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A comprehensive research agenda for zero leprosy
Abstract Background Leprosy control achieved dramatic success in the 1980s–1990s with the implementation of short course multidrug therapy, which reduced the global prevalence of leprosy to less than 1 in 10 000 population. However, a period of relative stagnation in leprosy control followed this achievement, and only limited further declines in the global number of new cases reported have been achieved over the past decade. Main text In 2016, major stakeholders called for the development of an innovative and comprehensive leprosy strategy aimed at reducing the incidence of leprosy, lowering the burden of disability and discrimination, and interrupting transmission. This led to the establishment of the Global Partnership for Zero Leprosy (GPZL) in 2018, with partners aligned around a shared Action Framework committed to achieving the WHO targets by 2030 through national leprosy program capacity-building, resource mobilisation and an enabling research agenda. GPZL convened over 140 experts from more than 20 countries to develop a research agenda to achieve zero leprosy. The result is a detailed research agenda focusing on diagnostics, mapping, digital technology and innovation, disability, epidemiological modelling and investment case, implementation research, stigma, post exposure prophylaxis and transmission, and vaccines. This research agenda is aligned with the research priorities identified by other stakeholders. Conclusions Developing and achieving consensus on the research agenda for zero leprosy is a significant step forward for the leprosy community. In a next step, research programmes must be developed, with individual components of the research agenda requiring distinct expertise, varying in resource needs, and operating over different timescales. Moving toward zero leprosy now requires partner alignment and new investments at all stages of the research process, from discovery to implementation.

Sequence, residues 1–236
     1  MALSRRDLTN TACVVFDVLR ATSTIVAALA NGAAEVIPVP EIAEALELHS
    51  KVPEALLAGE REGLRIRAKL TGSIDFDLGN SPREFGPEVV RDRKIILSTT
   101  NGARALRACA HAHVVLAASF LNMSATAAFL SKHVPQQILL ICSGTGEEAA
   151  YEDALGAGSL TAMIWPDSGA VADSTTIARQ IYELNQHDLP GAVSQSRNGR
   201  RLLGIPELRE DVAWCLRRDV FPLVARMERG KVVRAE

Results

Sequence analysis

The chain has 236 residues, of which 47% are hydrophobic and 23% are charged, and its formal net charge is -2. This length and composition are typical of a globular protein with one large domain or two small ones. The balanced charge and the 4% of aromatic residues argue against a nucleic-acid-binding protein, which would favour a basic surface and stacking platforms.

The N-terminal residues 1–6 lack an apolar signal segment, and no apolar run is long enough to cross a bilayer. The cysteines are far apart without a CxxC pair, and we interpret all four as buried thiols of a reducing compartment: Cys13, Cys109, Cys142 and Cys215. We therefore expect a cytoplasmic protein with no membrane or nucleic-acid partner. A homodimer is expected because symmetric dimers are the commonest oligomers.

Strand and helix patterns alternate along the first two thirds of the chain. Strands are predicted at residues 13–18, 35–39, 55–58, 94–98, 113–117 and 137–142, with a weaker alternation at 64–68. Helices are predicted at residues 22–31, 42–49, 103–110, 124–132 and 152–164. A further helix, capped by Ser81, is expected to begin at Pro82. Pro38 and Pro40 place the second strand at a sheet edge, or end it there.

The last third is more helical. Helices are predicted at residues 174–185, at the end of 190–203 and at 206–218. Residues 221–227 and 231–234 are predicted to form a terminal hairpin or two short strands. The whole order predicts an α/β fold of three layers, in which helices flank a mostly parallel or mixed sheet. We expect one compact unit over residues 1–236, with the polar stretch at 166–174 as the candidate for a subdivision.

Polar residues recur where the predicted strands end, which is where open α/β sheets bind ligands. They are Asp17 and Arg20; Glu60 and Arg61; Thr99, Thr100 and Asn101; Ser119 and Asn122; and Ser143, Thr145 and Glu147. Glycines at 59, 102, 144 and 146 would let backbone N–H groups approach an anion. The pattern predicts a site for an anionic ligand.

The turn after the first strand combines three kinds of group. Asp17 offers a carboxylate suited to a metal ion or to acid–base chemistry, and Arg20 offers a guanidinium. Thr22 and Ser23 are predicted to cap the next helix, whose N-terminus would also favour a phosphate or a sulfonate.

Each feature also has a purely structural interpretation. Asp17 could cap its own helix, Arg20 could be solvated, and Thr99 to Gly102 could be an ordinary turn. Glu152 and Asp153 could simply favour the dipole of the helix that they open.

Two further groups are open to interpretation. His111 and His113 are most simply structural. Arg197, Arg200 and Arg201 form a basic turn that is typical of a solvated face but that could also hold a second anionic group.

Year of Publication
Infectious Diseases of Poverty